There have been an abundant amount of researches to human behaviour; about which colours stimulates purchases and what kind of spontaneous humor works best – and a lot about why people share online. Yet, most of these researches presume that participants consciously know why they share, resulting in ‘sharing motives’, such as; ‘to build relationships’ and ‘to bring valuable and entertaining contents to others.’ If this where true, then why do I keep seeing all this drivel on my newsfeed?’
Furthermore, these researches are full with obvious abstract crap like ‘sharing is a basic unit of socializing’-blabla. None of them can clearly tell me what sharing is about.
Ignasi Alcalde, some Spanish dude with a multimedia degree (he doesn’t say which one), says: ‘Sharing makes me feel generous, unselfish.’
Well – let me tell you why sharing is utmost selfish.
Sharing is about the action, not about content. Wake up. We share, because we have this urge to ‘contribute’ constantly. The likes of Facebook and Twitter have only enhanced this urge, and so we spread our artificial blitheness to fill the void and feel, just for a moment, that we’ve made an impression. It’s this addiction to sharing that has taken away our ability to filter what’s interesting and what’s not – although; who am I to argue with that?
With the summer on our doorstep, there’s a prodigious amount of boosh-wah waiting to flood our social media channels, hence I’m slightly worried.
For most, Facebook is merely a tool to showcase our happy-happy lives. Each photo screams; ‘Hey, look how happy I am!’ Your whole profile is a monument to your joys and accomplishments, no matter how trivial and beer-soaked they are. Specially the new Timeline is designed to make you feel proud about yourself. As Sam Biddle, editor at my fav blog Gizmodo, puts it; ‘a place to share your glee – share it all over everyone’s faces, whether they like it or not.’
Copernicus said, some 500 years ago; ‘As a matter of fact, the world revolves around me.’ – but today this is accurate as ever. And Nancy Dixon, an Associate Professor of Administrative Sciences at The George Washington University, has this wonderful anecdote on her website:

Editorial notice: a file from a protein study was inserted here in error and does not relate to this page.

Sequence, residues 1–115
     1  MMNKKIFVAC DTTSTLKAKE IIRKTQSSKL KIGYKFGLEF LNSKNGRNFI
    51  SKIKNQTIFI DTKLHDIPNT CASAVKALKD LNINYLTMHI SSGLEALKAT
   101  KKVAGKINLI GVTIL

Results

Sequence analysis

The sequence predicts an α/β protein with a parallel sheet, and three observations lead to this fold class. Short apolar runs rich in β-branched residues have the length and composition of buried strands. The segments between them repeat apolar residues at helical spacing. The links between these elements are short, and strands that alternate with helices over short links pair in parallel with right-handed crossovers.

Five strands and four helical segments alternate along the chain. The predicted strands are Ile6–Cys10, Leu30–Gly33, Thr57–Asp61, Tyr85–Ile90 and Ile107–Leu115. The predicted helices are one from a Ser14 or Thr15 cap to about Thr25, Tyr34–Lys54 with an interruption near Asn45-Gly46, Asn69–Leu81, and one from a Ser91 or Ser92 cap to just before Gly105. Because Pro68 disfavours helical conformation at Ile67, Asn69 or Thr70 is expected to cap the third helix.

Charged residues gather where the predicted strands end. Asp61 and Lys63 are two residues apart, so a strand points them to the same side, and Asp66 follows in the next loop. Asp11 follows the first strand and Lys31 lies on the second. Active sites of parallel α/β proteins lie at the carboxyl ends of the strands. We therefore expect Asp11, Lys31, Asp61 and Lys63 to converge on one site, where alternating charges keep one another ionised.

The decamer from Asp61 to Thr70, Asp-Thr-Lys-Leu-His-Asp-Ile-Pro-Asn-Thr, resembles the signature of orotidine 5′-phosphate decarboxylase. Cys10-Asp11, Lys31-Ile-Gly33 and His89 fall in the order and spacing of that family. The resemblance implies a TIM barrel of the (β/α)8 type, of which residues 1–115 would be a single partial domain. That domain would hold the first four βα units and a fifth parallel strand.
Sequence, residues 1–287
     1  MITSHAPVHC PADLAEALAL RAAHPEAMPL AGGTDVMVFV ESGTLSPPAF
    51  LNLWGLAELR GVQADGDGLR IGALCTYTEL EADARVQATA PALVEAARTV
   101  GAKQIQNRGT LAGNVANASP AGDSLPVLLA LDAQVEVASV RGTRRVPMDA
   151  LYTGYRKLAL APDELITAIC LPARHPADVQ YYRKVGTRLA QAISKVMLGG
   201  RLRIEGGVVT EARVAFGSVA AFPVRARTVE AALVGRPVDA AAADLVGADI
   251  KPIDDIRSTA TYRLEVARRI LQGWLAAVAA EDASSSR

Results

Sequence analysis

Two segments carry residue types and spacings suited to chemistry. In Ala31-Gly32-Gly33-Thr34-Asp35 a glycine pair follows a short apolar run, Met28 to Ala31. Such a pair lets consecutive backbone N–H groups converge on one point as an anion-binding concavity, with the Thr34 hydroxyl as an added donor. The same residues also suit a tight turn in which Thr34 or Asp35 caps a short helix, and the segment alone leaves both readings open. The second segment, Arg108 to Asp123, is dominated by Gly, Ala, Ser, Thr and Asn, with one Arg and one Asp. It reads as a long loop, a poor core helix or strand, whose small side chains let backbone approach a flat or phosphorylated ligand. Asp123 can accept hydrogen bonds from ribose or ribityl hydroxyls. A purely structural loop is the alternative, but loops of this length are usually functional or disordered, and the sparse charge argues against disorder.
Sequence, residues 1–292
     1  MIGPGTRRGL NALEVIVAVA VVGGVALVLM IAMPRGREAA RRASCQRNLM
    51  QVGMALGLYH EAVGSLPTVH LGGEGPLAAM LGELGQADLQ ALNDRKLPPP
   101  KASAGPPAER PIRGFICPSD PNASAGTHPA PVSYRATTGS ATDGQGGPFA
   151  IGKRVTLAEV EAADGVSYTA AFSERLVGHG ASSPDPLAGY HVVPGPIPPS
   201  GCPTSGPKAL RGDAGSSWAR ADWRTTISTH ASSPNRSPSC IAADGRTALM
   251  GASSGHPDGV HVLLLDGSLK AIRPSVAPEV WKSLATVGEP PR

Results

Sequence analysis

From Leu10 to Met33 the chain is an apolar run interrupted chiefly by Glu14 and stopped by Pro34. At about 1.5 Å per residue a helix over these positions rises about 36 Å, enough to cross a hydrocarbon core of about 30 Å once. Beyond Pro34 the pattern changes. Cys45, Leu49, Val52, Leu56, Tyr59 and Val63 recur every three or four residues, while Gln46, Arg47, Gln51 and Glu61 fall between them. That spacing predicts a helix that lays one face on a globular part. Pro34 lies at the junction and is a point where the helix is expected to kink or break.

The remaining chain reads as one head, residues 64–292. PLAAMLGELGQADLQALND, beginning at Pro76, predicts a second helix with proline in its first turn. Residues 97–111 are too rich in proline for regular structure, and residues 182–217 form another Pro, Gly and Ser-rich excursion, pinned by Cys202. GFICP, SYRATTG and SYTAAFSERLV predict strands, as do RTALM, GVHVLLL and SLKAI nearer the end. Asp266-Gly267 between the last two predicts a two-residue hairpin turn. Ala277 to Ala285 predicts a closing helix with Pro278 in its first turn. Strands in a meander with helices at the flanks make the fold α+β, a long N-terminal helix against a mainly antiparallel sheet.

‘It was a rare day when a visitor asked for directions; “Do you know where the Kennedy Center is? Where’s the Metro stop?”
Far from being annoyed, I was actually pleased to be asked. DC is a difficult city to find your way around in and my own extensive knowledge of the city was hard won. I was proud of my ability to navigate the city. In fact, my pride was such that sometimes if I saw a couple standing on a street comer with a map spread out between them, I would even offer, “May I help you find some place?”
My guess is that everyone has a similar experience with a subject they know very well.’
Seth Godin; ‘Me, me, me. My favorite person: Me.’
He continues; ‘I don’t want e-mail, I want me-mail.’
Dana Boyd, a Senior Researcher at Microsoft Research, says; ‘I really wouldn’t be surprised if we found a cave painting that outlined what the dwellers ate for breakfast. So why are we so offended when people use the internet to do this?’
Well, I’m not offended, just slightly annoyed. I like it when people share their records. Until I don’t. Cause there’s the notion of ‘too much’. There are only so many photos of coffee mugs I can see before thinking; ‘too much’ – and only so many Instagram-dripped images of blue skies, before I think; ‘too much’. The same applies to photos of your cat, beer, wine, parties and food, plus all that which has shared and seen before, such as images from 9GAG, inspirational quotes from Ghandi or the Dalai Lama and ‘funny’ YouTube videos.
You share it all to feel good about yourself.
But hey – there’s nothing wrong with selfishness. I only intent to clarify.